Paula Carter’s essays have appeared in Southern Review, TriQuarterly, Rumpus, Southern Humanities Review, and Salon.com. She holds an MFA from Indiana University. Her essay “City Swarm” can be found here. It appears in the May/June 2017 issue of the Kenyon Review.
What was your original impetus for writing “City Swarm”?
The day that I saw the swarm was so magical and amazing. I had never seen anything like it. And then when the woman showed up wanting to know if her bees where in my backyard, I found the whole situation so wonderfully strange that I knew I would want to write about it. As the event unfolded, I understood the piece would be hopeful, about resilience. But it wasn’t until I started doing research about swarms that I really understood what I was writing about. That is often how my work unfolds. I have a starting point, a triggering event, and then research helps me understand what I’m really interested in.
Your speaker seems to have an interest in both the explainable and the miraculous—seeking at once to understand and then later, as they “search the sky for another miracle” to be awestruck beyond comprehension again. How do you feel religion and science interact in this piece? Are different mindsets needed to see both at work in the swarm of bees?
I grew up in a home that was filled with both science and religion: my father a chemist, my mother a devout Christian. Therefore, I tend not to see the two as necessarily separate. There is so much awe certainly in nature, but also in science. I’m constantly amazed at what science can tell us and how our world works; it’s miraculous. I guess the important thing is to allow for that awe and that is what the speaker is balancing—wanting to understand more, but not be so analytical that the awe disappears. I see the figure of Mary in the piece as the continual reminder of that.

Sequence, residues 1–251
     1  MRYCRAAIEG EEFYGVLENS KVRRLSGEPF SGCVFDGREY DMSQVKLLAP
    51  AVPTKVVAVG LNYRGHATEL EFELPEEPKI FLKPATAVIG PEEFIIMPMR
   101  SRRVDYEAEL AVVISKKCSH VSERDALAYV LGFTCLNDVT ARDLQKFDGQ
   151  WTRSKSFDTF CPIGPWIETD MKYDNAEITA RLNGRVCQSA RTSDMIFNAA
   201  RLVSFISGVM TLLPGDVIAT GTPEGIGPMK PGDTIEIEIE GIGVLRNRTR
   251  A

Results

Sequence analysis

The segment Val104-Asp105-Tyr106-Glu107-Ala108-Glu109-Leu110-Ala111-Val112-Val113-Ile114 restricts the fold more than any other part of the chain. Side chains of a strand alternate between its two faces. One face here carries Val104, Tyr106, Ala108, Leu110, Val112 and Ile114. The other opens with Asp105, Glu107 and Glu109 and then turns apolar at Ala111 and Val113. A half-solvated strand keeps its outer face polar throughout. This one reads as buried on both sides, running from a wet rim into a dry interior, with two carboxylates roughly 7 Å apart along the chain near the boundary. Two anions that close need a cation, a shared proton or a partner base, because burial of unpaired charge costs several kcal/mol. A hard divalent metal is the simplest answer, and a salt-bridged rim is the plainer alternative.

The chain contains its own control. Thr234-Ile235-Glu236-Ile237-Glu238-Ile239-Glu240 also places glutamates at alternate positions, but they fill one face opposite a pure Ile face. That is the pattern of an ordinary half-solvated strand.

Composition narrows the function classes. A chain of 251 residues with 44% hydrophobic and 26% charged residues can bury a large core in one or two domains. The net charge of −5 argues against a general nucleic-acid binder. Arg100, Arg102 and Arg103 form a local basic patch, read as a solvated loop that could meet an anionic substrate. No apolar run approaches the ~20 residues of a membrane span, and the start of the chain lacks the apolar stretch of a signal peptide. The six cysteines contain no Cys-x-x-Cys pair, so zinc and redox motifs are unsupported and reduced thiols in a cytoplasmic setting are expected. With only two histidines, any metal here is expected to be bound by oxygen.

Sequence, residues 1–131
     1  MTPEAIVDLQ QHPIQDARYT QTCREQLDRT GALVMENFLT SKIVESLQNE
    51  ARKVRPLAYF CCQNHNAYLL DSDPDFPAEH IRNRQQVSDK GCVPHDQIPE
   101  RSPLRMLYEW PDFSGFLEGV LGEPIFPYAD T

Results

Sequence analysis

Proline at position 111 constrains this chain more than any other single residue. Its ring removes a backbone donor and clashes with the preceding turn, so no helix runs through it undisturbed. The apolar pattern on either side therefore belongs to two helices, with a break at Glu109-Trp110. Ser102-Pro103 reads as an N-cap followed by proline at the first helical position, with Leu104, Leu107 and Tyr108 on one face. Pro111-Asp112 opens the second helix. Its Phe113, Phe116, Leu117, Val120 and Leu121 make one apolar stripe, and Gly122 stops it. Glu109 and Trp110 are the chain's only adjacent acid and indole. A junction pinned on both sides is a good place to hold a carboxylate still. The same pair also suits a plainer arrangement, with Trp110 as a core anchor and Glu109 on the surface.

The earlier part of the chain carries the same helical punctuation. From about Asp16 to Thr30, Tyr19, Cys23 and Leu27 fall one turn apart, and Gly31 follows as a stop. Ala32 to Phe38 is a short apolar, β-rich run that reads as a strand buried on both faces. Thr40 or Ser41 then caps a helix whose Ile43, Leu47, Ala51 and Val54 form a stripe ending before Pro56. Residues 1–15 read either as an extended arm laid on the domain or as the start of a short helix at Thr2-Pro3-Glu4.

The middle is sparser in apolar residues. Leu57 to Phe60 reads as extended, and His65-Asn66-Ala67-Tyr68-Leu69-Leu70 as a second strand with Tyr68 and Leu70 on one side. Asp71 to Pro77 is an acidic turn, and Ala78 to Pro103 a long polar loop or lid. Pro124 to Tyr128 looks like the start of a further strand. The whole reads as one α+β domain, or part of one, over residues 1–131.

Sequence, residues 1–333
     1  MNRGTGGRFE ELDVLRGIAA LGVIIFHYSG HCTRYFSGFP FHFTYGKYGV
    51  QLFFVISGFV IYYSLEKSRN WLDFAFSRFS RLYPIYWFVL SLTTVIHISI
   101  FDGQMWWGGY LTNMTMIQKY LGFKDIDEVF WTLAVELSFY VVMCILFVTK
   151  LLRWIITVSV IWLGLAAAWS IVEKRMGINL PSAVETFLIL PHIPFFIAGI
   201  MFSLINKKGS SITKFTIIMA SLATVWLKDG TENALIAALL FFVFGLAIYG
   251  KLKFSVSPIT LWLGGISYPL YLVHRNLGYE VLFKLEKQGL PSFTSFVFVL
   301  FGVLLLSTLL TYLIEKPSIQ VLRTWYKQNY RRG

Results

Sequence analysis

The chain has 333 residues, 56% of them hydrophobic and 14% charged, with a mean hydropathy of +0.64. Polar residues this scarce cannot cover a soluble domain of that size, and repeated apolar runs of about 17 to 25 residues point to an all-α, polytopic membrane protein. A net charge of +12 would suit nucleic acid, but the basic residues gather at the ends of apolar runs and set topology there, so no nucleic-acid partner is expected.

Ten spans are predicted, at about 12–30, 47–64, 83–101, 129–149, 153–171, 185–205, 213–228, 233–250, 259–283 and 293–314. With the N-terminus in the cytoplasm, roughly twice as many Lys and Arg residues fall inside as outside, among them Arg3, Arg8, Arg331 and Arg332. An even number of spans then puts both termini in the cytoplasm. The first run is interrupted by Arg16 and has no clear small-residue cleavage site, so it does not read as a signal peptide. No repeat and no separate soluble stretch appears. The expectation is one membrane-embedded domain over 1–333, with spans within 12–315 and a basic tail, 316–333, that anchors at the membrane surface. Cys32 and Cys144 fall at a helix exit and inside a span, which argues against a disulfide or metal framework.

The tone of this piece is able to conjure both an amazed and calm mood. Your speaker is clearly fascinated by the bees, but still largely passive. What is the role of this passionate and observational non-interference? Is it necessary that the speaker do nothing but watch in order to acquire true understanding of the swarm?
I see the swam as the actor; it is what is making things happen. It does not need interference. It does not need the speaker’s help. There is nothing the speaker can do but be amazed and then report back. I think the speaker’s passivity is countering a kind of hubris in the city and in humanity. The loafer and the beekeeper and the humans that build skyscrapers cannot do more or better than these bees. The passionate observation of the speaker is out of respect and reverence for that.
How has your writing or writing process changed since you started out?
My writing has changed a lot. It has gotten smaller and smaller, like something being reduced on the stove. It was once big and bubbly, now it’s condensed and thick. At least I hope it is. That’s what I’m shooting for.
Which non-writing-related aspect of your life most influences your writing?
Finding ways to get out of my head, like swimming and walking. It is then that I can feel things in a way that I will eventually want to convey them once I’m back in my head, which is so, so much of the time.
What is either the best or the worst piece of writing advice you’ve received or given?
It wasn’t really advice, but the hardest thing for me to overcome was genre distinctions. Feeling like I had to be writing fiction or poetry or essays and have an idea of how my work fit into those categories and that it followed certain conventions of the categories. When I let go of worrying about what it was, I think my work improved.
What project(s) are you working on now, or next?
I have a book coming out in the fall, No Relation. It’s my first book, so I’m pretty excited. It is a collection of flash memoir that tells my story of being a stepmother and then having my relationship with the children’s father end and finally trying to navigate a role that we have no language for in our culture. And sometimes it’s even funny!